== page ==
Fort McMurray Métis Elders and land users have observed a decrease in the population density of freshwater mussels (known locally as clams; Unionidae) in the lower Athabasca region (LAR) in recent decades. A community-based participatory research (CBPR) approach, braided with Indigenous Knowledge, is used as a guiding framework to facilitate partnerships and create safe, ethical spaces across diverse knowledge systems to address questions about freshwater mussel health in a locally relevant and culturally appropriate way. Opportunities for Elders and land users to travel along the Athabasca and Clearwater rivers in search of freshwater mussels allowed for the renewal of personal and cultural relationships to place that was braided with the study of parameters relevant to Western science. Our search revealed the presence of fat muckets (Lampsilis siliquoidea), with a limited number of giant floaters (Anodonta grandis), in our study area. However, delineating the types of species present is only the beginning of our work to understand freshwater mussel health in the LAR. We present a methodological discussion that demonstrates the importance of prioritizing Indigenous Knowledge to answer questions that may not have been considered within Western knowledge systems and shows how diverse ways of knowing can be braided to create new learnings together. “Learning together,” in practice, means recognizing that each person has knowledge and skills to contribute, which also involves shared decision making. We maintain that by “learning together,” complex problems can be understood in ways that are more meaningful and insightful than they would be if Indigenous communities, government scientists, or research consultants studied them alone.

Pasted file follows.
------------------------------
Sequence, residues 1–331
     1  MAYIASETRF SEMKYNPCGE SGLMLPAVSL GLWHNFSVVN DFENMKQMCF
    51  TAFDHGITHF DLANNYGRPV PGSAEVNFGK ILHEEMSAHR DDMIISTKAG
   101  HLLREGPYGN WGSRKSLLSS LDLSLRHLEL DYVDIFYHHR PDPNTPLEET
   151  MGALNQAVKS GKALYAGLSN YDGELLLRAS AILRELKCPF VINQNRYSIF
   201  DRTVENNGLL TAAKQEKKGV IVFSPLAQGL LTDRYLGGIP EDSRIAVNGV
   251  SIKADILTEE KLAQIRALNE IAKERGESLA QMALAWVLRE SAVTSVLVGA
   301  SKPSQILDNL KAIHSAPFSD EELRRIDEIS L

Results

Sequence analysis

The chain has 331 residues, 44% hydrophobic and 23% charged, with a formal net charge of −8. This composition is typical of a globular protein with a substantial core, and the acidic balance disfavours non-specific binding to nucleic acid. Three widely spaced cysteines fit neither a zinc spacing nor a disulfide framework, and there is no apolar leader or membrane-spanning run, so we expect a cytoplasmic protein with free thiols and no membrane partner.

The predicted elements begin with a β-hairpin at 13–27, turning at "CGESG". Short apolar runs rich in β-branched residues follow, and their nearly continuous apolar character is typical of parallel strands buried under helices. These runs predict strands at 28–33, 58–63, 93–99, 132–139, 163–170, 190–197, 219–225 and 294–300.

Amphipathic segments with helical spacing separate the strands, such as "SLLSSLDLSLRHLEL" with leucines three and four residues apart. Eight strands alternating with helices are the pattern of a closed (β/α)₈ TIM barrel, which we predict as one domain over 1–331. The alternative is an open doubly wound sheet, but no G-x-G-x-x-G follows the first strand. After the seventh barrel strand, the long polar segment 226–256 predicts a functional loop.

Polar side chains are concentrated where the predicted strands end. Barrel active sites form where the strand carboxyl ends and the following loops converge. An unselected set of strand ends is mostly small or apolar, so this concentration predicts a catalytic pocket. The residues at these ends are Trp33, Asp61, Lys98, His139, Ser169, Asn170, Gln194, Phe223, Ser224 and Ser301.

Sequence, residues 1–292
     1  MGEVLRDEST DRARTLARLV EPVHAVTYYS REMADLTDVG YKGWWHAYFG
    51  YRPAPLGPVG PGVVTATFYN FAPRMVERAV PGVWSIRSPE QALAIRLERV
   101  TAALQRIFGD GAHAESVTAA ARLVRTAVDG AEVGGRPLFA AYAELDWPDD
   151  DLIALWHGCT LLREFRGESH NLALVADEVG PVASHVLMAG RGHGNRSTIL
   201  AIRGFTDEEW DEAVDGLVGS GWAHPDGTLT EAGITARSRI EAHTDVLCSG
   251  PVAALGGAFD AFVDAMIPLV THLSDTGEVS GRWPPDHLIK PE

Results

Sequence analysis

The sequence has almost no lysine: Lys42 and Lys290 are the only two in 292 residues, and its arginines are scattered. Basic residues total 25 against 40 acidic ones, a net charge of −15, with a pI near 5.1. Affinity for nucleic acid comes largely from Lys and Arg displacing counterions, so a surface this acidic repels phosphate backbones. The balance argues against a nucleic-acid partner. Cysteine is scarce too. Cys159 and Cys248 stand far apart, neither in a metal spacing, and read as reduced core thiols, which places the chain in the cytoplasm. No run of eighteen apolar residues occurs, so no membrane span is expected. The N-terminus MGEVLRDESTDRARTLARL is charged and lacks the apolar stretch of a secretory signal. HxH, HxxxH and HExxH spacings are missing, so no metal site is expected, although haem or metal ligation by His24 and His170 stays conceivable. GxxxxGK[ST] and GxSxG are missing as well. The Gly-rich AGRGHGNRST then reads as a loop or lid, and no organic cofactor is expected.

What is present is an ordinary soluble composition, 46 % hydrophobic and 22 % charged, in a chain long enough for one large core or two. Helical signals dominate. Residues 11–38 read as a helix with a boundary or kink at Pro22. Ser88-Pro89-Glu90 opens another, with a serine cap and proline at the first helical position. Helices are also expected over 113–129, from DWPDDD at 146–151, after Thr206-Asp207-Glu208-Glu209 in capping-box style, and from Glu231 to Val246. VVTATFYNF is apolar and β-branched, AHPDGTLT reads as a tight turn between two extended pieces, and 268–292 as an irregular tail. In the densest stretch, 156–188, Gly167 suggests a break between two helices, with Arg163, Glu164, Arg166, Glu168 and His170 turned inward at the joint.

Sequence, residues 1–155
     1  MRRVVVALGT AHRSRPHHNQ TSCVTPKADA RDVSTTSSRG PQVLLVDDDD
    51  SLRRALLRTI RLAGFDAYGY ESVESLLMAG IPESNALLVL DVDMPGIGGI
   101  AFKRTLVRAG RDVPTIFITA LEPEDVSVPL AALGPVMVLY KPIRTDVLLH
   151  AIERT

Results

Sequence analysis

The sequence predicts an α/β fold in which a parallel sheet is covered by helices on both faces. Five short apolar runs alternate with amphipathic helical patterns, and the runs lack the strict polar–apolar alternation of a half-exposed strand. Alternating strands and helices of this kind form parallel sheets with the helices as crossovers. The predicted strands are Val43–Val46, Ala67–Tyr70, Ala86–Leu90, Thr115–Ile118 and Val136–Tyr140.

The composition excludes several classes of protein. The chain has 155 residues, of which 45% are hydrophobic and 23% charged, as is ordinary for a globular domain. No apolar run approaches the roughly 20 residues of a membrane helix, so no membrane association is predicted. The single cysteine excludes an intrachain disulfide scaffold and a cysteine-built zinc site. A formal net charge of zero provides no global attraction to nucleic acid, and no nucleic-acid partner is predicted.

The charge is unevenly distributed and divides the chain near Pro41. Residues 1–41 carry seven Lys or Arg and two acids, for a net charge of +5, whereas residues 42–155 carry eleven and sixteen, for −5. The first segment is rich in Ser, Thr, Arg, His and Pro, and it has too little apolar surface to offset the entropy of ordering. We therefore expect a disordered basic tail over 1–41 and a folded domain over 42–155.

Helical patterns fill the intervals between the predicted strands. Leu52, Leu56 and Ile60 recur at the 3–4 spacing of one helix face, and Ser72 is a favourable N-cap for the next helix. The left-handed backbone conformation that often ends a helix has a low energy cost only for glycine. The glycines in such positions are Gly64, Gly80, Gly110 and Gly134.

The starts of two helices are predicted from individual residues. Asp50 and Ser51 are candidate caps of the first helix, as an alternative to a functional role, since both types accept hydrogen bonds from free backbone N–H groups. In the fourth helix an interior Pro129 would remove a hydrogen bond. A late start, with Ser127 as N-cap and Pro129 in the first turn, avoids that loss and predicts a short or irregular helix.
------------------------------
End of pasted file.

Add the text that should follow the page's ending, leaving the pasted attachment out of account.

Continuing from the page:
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Vol. 39 • No. 2